By Kate Gibson | From | On May 14, 2012

U.S. stocks drop to 3-month lows on Europe fears.

NEW YORK (MarketWatch) — U.S. stocks closed at more than three-month lows Monday, and the Dow industrials slid for the eighth session in nine, as investors worried about Greece’s potential exit from the euro zone.

“The market appears to be discounting a Greek exit from the euro,” said Linda Duessel, senior equity strategist at Federated Investors Inc.

The Dow Jones Industrial Average ended down 125.25 points, or 1%, at 12,695.35, its lowest close since Jan. 31, after Greek politicians over the weekend failed to reach an agreement on a unity government, raising the likelihood of new elections and the risk of halted international aid payments.

J.P. Morgan Chase & Co. led decliners on the Dow, with a drop of 3.2%, followed by a 2.6% drop in Bank of America Corp. shares.

(Photo: Aris Messinis/Press Pool)Europe facing a ‘Lehman’ moment?

One of Poland’s top bankers said the euro-zone crisis was could head in a direction that may be as bad as the start of the 2008 financial crisis.

Ina Drew became the first high-ranking casualty of the scandal that has put a dent in J.P. Morgan’s reputation, with the bank saying that the chief investment officer is resigning after more than 30 years with the bank. Read more about Drew’s exit from J.P. Morgan after trading losses.

J.P. Morgan’s $2 billion trading loss sharpens the battle over financial regulation, with presumed Republican presidential nominee Mitt Romney favoring the repeal of the Dodd-Frank law, which is supported by President Barack Obama. It also prompted Elizabeth Warren, the Massachusetts Democrat running for U.S. Senate, to call on J.P. Morgan Chief Executive Jamie Dimon to resign from the board of the New York Federal Reserve.

The S&P 500 Index slid 19.64 points, or 1.5%, to 1,338.35, its lowest close since Feb. 2. Financials led the slide among its 10 sectors, all of which ended lower.

With the S&P 500 starting off the day about 5% from recent highs, not much “damage” has been done, according to Dan Greenhaus, chief global strategist at BTIG LLC. Declines of 7% are perfectly normal, and would not be all that worrisome, he said.

In executive shake-ups, electronics retailer Best Buy Co. said founder Richard Schulze would step down as chairman following a board probe that concluded he failed to report allegations of personal misconduct by former chief Brian Dunn to its audit committee. Shares rose 1.5%.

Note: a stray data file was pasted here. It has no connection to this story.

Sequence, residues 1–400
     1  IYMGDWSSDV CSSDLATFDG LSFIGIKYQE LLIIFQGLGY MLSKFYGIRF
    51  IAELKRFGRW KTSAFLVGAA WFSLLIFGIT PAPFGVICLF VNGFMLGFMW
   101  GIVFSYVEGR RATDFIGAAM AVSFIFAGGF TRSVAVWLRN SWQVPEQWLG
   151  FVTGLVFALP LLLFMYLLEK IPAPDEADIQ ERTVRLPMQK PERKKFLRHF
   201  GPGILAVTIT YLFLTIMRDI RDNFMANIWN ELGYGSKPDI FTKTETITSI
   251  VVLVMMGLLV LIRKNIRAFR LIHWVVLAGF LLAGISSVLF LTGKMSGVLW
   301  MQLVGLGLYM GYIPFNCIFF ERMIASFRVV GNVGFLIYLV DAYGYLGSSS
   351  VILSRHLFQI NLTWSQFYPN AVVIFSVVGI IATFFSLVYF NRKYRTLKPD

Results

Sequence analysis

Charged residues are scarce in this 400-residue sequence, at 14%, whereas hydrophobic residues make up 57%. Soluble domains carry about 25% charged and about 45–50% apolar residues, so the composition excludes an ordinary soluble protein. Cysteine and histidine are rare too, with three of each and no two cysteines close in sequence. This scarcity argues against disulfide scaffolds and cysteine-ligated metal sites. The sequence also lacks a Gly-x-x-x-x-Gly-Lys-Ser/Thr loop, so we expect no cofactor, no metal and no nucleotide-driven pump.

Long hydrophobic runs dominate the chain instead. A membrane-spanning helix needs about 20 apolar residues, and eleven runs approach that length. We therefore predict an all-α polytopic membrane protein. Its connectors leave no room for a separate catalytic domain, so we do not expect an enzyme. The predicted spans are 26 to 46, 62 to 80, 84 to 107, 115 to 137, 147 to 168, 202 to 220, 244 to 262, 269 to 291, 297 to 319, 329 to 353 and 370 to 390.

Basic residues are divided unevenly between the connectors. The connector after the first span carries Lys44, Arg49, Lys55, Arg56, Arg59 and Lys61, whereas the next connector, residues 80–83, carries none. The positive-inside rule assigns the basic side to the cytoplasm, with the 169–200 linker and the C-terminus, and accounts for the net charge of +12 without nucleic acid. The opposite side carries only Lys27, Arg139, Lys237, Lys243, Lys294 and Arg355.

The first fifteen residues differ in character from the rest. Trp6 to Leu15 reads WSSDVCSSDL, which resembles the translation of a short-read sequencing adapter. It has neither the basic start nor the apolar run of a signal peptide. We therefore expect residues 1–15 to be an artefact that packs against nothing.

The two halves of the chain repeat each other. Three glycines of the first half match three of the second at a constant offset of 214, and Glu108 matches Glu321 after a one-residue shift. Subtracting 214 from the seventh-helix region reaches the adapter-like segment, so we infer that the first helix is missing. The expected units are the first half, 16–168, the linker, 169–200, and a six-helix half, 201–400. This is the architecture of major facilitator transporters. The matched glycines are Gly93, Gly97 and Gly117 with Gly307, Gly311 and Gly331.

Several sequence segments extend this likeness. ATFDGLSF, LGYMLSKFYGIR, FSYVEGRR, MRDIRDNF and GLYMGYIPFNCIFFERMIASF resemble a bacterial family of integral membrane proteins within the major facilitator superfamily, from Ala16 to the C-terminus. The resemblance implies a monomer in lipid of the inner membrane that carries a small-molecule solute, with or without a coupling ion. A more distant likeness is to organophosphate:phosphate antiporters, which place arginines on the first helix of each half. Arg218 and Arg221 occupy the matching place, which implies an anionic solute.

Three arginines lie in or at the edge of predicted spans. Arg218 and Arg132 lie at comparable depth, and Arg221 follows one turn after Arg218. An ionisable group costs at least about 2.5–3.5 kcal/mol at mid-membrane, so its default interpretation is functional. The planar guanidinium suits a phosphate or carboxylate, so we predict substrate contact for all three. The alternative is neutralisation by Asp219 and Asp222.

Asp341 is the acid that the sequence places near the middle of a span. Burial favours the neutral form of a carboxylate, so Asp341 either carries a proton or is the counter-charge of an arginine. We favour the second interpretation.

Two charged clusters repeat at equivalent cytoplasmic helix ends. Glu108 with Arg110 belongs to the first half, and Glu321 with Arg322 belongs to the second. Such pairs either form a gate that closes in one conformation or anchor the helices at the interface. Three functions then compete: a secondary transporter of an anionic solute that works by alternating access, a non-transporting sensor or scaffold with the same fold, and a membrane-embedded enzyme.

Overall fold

Stocks down at closing bell

The latest news from Steve Orr, including the closing numbers and J.P. Morgan Chase’s executive departure in the wake of a massive trading loss.

Scott Thompson on Sunday stepped down as Yahoo Inc.’s chief executive, with the resignation coming 10 days after hedge-fund activist Daniel Loeb accused him of faking a computer-science degree. Ross Levinsohn has been named interim chief. Shares rose 2%.

Shares of Groupon Inc. rallied more than 18% ahead of first-quarter results after the close from the daily-deal company.

The Nasdaq Composite Index declined 31.24 points, or 1.1%, to 2,902.58, its lowest close since Feb. 6.

For every stock rising five fell on the New York Stock Exchange, where 803 million shares traded. NYSE composite volume topped 3.6 billion.

Gold futures closed at a 2012 low, with the contract for June delivery losing $23, or 1.5%, to end at $1,561 an ounce on the Comex division of the New York Mercantile Exchange.

Oil prices also ended their floor session at their lowest level so far this year, with the crude contract for June delivery down $1.35 to finish at $94.78 a barrel.

In Greece, a political stalemate entered a second week with no agreement on a unity government. Greek, Spanish and Italian bond yields spiked, and European stocks dropped. German government yields, like U.S. Treasurys, fell as investors sought the two countries’ debt as relative safe havens.

“No region has done more to insulate itself from a Greek exit than Germany, where banks’ consolidated risk exposure to Greece fell from $34 billion at the end of 2010 to $13 billion at the end of 2011,” said Duessel of Federated Investors. “U.S. banks had less than $4.5 billion of exposure to Greek debt at the end of 2011.”

As for the debt crisis engulfing Spain, also in the lower Mediterranean, “the cost of ensuring against a Spanish default is now more expensive than for Hungary,” Peter Boockvar, equity strategist at Miller Tabak, noted in an email.

Boockvar also noted that shares of London-traded shares of De La Rue hit a 52-week high on Monday, with the analyst calling it another indication of what the market thinks of the chances of Greece remaining in the euro. De La Rue makes physical currency, and if Greece exits the euro, “a lot of drachma will have to be created and De La Rue would be the likely maker of it.”

Kate Gibson is a reporter for MarketWatch, based in New York.

This article was originally posted at

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